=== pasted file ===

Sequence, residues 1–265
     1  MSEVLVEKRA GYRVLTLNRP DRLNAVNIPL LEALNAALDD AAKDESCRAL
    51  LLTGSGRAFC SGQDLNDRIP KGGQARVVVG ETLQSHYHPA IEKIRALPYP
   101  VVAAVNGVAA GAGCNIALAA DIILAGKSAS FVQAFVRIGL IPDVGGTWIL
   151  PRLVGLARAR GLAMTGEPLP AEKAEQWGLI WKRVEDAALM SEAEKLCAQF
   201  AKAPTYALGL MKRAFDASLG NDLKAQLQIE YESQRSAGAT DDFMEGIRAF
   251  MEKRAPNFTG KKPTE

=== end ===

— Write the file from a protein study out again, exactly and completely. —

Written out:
Sequence, residues 1–265
     1  MSEVLVEKRA GYRVLTLNRP DRLNAVNIPL LEALNAALDD AAKDESCRAL
    51  LLTGSGRAFC SGQDLNDRIP KGGQARVVVG ETLQSHYHPA IEKIRALPYP
   101  VVAAVNGVAA GAGCNIALAA DIILAGKSAS FVQAFVRIGL IPDVGGTWIL
   151  PRLVGLARAR GLAMTGEPLP AEKAEQWGLI WKRVEDAALM SEAEKLCAQF
   201  AKAPTYALGL MKRAFDASLG NDLKAQLQIE YESQRSAGAT DDFMEGIRAF
   251  MEKRAPNFTG KKPTE